Kayak Lake Mead's Map & Compass
Estimating Distance, Time


The ability to estimate distance, a good watch, and awareness of your pace are the MOST important fundamentals of navigation.

ESTIMATING DISTANCE:
The estimation of distance is all you need most of the time.
1. Linear distance vs. terrain distance: 
At left is a map with the UTM grid
superimposed; 1000 meter squares.  So, it is
1.4 km from “A” to “B”; that is easy enough to
measure; just use the scale provided with each
map. (Also, the diagonal of a square is 1.4
times the side.)  
linerar distance vs. terrain distance
2. Actual Path: If you walk from “A” to “B” your path across the ground will not look like this, 
but instead will look something like this,
as you walk around all the obstructions
you’ll encounter such as shrubs, trees, rocks, etc.  How much further?  Well, that depends upon the terrain and the vegetation, but usually is at least 15% more, even if the vegetation is only moderately dense.
The principal is this; walking the hypotenuse of a triangle is a longer walk than walking the base.
Which, is about 200 meters, or 14% further; this is the terrain distance.
3. Actual Distance: So, do you do a bunch of lengthy calculations?  No.  Take any map measured distance, as in the case above, 1.4 km, figure the actual distance is going to be about 30% more, so multiply 1.4 km by a factor of 1.3.  You’ll get something just under 2 km.  Call it 2 km; that is the distance that you are actually hiking. If the vegetation is particularly dense, but not so dense you have to crawl, maybe use a multiplier of  1.5 instead.  You’ll develop your own “fudge” factor with experience.


4. Elevation Gain: Again, looking at the elevation profile from "A"  to "B"...
When you get to “B” you will be about 20’ higher than when you were at “A”, but you will have hiked
up about 200 feet worth of hills.  This is the total elevation gain, which takes into consideration all
the ups and downs.  This does not properly figure into the determination of distance, but you do
have to figure the addition of this extra ”20 story building”, that’s in the middle of your hike,
somewhere.  I usually figure total elevation gain into my estimation on how much time this is going to
take.




ESTIMATING TIME to GET THERE:
Time equals distance divided by your pace.  Usually this is the estimated distance divided by your anticipated pace.  Ask yourself two questions.  More or less how for is it? And how fast do I plan on going? Some examples:

1. Mountain Biking on a Road:
At left is a map with 1000 m grid squares.  How long
is it going to take to bike over to WP 1? 

Distance: Count the number of grid squares the
road travels through.  I count 3. Multiply that by a “fudge” factor of 1.5, you get 4.5 km. If you measure it carefully you still get 4.5 km.  After you ride it; your odometer will show 4.5 km. 1.5 seems to be a good “fudge” factor for unimproved roads and trails.

Pace: You figure you’ll ride at 10 km/hr (6.25 mph).
Time: 4.5 km divided by 10 km/hr equals a little
under one-half hour. ( 0.45 hr is 4 and ½ tenths of
an hour or 27 min.) A little under 30 min is a good
enough answer.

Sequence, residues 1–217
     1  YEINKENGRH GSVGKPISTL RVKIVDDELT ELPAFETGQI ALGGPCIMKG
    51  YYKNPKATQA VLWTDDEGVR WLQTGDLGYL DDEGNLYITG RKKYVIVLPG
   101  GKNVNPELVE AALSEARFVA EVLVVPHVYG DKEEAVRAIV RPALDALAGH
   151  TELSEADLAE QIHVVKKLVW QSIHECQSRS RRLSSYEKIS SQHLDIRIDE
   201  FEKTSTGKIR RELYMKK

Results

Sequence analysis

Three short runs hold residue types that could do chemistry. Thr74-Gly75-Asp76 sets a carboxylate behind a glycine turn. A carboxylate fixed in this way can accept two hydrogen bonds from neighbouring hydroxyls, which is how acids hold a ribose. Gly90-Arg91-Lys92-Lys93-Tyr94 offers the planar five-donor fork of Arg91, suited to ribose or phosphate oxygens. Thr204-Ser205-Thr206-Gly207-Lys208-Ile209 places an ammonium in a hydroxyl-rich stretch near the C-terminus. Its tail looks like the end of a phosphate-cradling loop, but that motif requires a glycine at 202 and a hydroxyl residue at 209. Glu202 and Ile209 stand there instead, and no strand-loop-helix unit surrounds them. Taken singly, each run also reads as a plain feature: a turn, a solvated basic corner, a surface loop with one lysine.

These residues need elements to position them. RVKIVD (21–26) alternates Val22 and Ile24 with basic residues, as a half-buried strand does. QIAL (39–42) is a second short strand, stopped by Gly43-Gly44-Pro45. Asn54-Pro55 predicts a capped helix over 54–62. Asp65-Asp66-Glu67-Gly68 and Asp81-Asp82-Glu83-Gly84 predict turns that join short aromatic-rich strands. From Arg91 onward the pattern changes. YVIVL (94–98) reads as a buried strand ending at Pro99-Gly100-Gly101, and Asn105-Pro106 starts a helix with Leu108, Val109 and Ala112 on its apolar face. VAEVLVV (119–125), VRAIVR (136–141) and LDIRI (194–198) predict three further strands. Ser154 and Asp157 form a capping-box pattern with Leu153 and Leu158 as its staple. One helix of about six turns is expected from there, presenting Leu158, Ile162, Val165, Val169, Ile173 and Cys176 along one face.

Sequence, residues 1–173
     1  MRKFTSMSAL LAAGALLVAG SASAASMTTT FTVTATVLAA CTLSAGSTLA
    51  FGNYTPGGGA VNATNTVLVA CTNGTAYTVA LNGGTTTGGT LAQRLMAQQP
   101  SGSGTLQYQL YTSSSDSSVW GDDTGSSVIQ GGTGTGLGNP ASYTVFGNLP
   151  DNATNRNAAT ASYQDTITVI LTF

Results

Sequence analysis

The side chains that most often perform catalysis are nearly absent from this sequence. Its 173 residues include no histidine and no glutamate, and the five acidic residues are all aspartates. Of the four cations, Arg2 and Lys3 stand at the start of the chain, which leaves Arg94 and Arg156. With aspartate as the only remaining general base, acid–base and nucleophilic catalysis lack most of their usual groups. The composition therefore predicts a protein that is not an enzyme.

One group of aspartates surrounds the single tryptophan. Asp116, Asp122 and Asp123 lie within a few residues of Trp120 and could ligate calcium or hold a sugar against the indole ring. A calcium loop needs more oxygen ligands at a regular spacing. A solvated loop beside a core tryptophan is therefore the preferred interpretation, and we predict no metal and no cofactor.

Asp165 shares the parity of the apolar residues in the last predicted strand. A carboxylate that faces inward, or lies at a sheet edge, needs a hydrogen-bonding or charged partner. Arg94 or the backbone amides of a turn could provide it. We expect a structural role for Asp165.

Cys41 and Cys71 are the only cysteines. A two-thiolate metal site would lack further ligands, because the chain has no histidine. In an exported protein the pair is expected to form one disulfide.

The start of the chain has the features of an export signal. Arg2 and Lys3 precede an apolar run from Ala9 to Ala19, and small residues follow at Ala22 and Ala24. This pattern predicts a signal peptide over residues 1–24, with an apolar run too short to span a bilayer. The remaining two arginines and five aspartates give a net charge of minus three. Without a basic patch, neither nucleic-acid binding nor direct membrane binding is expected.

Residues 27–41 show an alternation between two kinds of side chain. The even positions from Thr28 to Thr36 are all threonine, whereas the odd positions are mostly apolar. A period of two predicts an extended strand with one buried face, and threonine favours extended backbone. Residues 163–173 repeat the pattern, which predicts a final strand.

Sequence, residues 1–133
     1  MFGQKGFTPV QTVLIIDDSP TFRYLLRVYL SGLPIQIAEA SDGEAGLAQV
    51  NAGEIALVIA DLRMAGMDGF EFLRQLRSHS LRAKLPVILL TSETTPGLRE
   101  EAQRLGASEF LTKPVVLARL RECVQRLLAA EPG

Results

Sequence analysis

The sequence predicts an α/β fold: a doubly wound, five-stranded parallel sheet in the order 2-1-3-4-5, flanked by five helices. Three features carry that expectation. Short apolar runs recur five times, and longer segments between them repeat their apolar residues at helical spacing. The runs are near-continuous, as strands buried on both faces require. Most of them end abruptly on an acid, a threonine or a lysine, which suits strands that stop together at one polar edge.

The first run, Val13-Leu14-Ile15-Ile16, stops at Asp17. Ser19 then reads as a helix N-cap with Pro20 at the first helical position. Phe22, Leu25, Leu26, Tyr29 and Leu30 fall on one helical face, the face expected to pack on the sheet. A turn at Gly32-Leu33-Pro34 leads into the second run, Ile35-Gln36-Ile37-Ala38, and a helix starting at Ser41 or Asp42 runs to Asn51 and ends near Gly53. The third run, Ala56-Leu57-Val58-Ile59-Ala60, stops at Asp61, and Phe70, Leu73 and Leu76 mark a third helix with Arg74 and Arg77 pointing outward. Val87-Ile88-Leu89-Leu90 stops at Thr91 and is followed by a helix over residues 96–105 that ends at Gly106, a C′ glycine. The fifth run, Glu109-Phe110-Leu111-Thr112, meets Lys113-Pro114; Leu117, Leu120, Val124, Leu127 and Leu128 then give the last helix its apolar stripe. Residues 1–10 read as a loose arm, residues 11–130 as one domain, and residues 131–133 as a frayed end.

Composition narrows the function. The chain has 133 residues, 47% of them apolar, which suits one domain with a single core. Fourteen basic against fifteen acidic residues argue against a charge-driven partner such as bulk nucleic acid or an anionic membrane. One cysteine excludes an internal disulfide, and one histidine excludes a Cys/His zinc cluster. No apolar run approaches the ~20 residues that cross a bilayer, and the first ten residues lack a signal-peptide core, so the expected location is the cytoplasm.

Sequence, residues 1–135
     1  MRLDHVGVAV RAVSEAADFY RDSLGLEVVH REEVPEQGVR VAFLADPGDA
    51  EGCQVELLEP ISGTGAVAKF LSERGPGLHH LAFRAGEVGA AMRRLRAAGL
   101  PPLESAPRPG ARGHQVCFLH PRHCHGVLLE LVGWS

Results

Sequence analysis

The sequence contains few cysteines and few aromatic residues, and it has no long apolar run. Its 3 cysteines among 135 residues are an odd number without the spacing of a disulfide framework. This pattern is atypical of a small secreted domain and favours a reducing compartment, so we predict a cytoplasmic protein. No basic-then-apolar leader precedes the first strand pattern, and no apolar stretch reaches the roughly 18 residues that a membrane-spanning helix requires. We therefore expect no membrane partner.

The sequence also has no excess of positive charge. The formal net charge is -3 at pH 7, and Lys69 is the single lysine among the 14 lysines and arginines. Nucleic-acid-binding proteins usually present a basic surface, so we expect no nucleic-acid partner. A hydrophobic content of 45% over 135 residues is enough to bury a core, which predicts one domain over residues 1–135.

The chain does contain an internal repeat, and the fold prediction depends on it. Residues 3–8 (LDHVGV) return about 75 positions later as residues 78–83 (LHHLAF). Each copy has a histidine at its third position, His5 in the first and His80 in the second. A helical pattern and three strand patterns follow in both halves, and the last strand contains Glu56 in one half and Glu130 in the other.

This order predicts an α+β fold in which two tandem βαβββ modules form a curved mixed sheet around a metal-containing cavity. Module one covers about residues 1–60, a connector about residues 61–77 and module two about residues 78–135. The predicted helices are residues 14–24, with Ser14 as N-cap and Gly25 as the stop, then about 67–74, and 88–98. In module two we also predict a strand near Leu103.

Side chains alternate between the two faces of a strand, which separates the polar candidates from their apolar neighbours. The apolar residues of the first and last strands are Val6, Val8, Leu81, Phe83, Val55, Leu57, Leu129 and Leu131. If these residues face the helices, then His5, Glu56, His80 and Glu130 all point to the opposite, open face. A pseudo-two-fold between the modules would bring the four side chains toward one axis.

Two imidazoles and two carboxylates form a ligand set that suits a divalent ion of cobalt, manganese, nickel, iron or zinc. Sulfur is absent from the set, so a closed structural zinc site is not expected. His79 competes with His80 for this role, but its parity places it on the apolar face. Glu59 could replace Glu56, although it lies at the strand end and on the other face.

Additional Map Analysis: For the 1st two-thirds of
your ride you are going generally northwest. The
terrain is draining generally to the northeast. This
means you’ll be crossing a lot of gullies; i.e. a lot of
up and down.

distance time on a road
2. Hiking Cross Country:
How long will it take us to get from “C” to “F”? 

Distance: Count the 1 km squares (4.25 + 1.5 + 2 = 8, if you round up ). Multiply by a “fudge” factor of 1.25
(here the vegetation is very sparse).  8 x 1.25 = 10 km

Pace: You have been, up to this point in your hike, hammering out 1 km every 10 min.
Time: Then ten more kilometers will take 100 min or 1 hr 40 min.

Note: When I count the squares in cases like this I’m just estimating 4.25; I am not measuring.

distance and time in the desert
3. Hiking Up and Down a Steep Mountain:
How long to get from WP 2 up to WP 4? It
is only about 3 km. But this terrain is so steep; I would  throw out the concept of distance divided by pace.  I suggest using, on extremely steep
terrain, the 1000’ of gain per hour concept:

The elevation at WP 2 is about 6920’.

The elevation at WP 4 is about 9960’.

The difference is about 3000’.

Therefore, the time up will be about 3 hr.

NOTE: The time down steep terrain is usually two-thirds of the time up.  So, the time down should be 2 hr.

Or if you’re strong on hills; use the 1000’ per 30 min concept:

@ 1000’ per 30 min the time up there will be about 1 hr 30 min and time down 60 min.

Or if you are stronger than that …RIGHT ON!
estimatiing distance time in the mountains
4. Combining Trail Run and Steep Mountain:
That high terrain on the left is Mt. Wilson. How long will it take to get up to WP7?  From the START it looks like trail to probably the letters “ee” in the word “Creek” , that is about 2.5 km squares X 1.5 “fudge” factor for trails = about 3.5 km. If you are trail running 8 min miles uphill that’s about 20 min.  Now, from WP 1 to the summit it is extremely steep, technical terrain (very serious for the novice climber and semi-serious for anybody). It is about 5000’ el. at WP 1 and 7000’ at the summit.  That is a 2000’ elevation gain and at 1000’ per hour that section will take 2 hr.  Total time will be about 2 hr 20 min up.  How much time to get back?  Usually the time down is 2/3’s of the time up so about 1 hr 30 min down. Or 3 hr 50 min round trip…that’s cookin!  NOTE: The time down of 2/3’s the time up does NOT apply to down-climbing rock but to hike/running.
distance time in the mountains
But several important considerations are:

If you walk from “A” to “B” the profile of your
walk, in terms of elevation change, will not look
like this,

A______________________B , 

the linear distance. Instead your walk will look something like this...
Map & Compass : Estimating Time and Distance